Paul also reminds the members of the church that they have come from different traditions. Remember that Corinth was a very cosmopolitan city, and people from all over the known world ended up there. In the early Christian church there, you would find Jews and Greeks, slaves and free people, and Paul wanted them to realize that they were now part of one unit – the church. He says, “You are the body of Christ, and each one of you is a part of it.” As part of the same body, a certain behaviour is expected of each member, and Paul is reminding the Corinthians of this.
The Corinthians, just like the Asperger’s children, are each gifted in a particular way, but they have no idea of how to use their gifts together. Each member of the church truly believed that their way was the right way, the only way. They missed the point of being members of the body of Christ – that they had to work together, in love, to accomplish their mission.
Dissension in a church is nothing new. I am reminded of a story I once heard, in a Canadian Church History class about a Mennonite who had been shipwrecked, and washed up on a desert island, where he lived alone for many years. One day, a ship happened upon the island, and when the people on board came ashore, the man was overjoyed. Before leaving the place, however, he took them on a tour so that they could see what he had been doing. He showed them three small huts which he had built, and the captain of the ship said, “I thought that you were here alone.” “I am,” replied the Mennonite. “Then why do you have three huts?” asked the captain. “Well,” said the Mennonite, “I live in one, and I worship in the other.” “All right,” said the captain, “That explains two of the huts, but what about the third?” “Ah,” said the Mennonite, “That is the church I built after the schism.”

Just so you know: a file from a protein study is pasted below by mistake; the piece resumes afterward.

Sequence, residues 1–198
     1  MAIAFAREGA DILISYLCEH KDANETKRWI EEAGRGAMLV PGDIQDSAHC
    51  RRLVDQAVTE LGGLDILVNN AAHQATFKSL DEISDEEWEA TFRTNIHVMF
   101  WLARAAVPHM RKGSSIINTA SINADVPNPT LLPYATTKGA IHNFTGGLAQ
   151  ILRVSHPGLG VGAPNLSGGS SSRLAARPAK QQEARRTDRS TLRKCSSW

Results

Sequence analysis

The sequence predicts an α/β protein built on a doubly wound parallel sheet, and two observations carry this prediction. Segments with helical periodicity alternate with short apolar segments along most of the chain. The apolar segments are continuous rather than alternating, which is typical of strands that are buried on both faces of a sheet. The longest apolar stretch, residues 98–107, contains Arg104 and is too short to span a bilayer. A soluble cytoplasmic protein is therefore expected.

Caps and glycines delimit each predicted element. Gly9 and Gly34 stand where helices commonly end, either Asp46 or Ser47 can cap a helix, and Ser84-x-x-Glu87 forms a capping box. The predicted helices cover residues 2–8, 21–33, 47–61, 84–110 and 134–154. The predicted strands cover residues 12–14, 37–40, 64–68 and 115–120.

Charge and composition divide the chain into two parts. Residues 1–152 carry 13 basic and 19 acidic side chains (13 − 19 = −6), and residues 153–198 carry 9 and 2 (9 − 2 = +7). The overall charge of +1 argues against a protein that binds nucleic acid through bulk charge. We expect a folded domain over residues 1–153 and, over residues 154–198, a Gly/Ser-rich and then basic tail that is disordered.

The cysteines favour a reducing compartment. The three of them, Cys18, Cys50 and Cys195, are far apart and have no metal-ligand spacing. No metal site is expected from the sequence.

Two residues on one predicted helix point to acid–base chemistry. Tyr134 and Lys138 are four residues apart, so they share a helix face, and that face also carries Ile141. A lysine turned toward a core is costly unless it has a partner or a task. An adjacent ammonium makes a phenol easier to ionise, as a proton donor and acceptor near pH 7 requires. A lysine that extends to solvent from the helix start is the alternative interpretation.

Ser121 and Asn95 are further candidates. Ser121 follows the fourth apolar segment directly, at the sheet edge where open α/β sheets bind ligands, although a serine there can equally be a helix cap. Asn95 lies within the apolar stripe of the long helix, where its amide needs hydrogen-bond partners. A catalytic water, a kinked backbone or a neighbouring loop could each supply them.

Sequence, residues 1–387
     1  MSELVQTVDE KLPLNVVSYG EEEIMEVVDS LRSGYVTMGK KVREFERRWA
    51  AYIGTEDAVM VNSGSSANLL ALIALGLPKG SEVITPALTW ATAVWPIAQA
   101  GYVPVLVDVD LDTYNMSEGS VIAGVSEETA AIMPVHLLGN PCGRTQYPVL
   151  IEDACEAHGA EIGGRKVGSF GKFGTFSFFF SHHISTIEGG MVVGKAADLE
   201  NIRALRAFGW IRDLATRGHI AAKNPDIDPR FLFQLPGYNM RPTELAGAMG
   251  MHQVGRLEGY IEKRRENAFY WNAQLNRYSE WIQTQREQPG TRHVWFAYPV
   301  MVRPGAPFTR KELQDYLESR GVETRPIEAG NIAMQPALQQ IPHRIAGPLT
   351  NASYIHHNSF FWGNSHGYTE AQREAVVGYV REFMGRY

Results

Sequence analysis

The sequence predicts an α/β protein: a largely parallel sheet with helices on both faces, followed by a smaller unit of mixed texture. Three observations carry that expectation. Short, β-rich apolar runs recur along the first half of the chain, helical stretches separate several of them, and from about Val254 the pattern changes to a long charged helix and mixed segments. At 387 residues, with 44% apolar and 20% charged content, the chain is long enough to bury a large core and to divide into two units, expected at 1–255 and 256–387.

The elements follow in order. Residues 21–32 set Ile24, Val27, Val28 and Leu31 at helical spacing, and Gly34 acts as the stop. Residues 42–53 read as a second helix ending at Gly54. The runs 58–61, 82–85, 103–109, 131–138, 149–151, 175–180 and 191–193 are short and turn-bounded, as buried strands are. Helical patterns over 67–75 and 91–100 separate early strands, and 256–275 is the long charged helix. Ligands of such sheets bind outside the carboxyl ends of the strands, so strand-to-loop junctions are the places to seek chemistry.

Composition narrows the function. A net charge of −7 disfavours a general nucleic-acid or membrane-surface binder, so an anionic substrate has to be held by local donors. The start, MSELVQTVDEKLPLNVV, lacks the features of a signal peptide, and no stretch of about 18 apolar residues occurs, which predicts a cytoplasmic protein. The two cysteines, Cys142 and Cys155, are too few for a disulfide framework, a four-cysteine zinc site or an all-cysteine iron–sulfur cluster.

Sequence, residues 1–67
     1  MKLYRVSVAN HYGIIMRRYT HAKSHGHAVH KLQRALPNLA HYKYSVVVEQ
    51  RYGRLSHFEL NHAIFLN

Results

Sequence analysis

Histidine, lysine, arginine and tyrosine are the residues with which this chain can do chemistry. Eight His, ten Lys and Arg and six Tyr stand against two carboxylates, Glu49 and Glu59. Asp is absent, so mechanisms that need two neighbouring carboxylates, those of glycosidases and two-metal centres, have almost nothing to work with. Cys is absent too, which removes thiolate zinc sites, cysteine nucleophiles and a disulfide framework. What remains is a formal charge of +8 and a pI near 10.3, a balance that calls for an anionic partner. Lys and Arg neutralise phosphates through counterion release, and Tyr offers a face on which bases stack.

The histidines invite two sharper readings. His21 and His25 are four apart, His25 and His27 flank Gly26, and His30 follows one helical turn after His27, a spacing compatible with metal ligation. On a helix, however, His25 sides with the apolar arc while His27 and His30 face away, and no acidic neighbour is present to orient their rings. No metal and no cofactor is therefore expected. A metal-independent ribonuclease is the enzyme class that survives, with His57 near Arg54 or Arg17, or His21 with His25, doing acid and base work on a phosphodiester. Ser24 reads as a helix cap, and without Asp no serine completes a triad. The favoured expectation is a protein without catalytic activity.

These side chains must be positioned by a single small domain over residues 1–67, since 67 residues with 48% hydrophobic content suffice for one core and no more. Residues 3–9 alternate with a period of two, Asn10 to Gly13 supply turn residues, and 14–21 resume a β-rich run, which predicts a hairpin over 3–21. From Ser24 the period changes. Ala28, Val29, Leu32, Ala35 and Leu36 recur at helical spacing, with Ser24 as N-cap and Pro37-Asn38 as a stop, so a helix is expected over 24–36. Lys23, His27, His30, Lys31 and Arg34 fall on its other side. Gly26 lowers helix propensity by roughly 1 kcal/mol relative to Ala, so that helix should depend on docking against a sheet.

And you know, schisms happen. They happened in Corinth, and they are happening now, in the 21st century. I believe that, if only people listened to Paul’s words, there would not be such a thing. Next week, we will be reading from chapter 13 of this letter, the chapter which talks about love, and that is what Paul recommends us to use so that we can work together as the body of Christ. Without love, Paul says, all that we do is useless. Without love, it means nothing. It is one thing to take a stand, but it is another to do it with love.
There was a movie a while ago, which I finally saw at some point during Christmas. It was called “Michael”, and John Travolta played an angel – an angel with huge wings, who came to earth for a while. At one point during the movie, Michael turned to his friend and said, “Remember what John and Paul said.” His friend said, “The apostles?” “No,” replied Michael, “The Beatles. They said ‘All you need is love’.” And, not using those same words, this is what Paul did say. This is what Jesus did say, when he said, “You shall love the Lord your God with all your heart, and with all your soul, and with all your mind and with all your strength. And you shall love your neighbour as yourself.”
In Corinth, 2000 years ago, and in Quebec City today, and in the Presbyterian Church in Canada today – there is no time for schisms; there is no time for in-fighting; there is no time for cliques. What there is time for is love. With love we know that all of the parts of the church can work together as one. With love we know that no one person will consider his or her gift better than someone else’s gift. With love, we will work together to make this church the house in which God lives, the community in which we live, the family to which we all belong. Thanks be to God.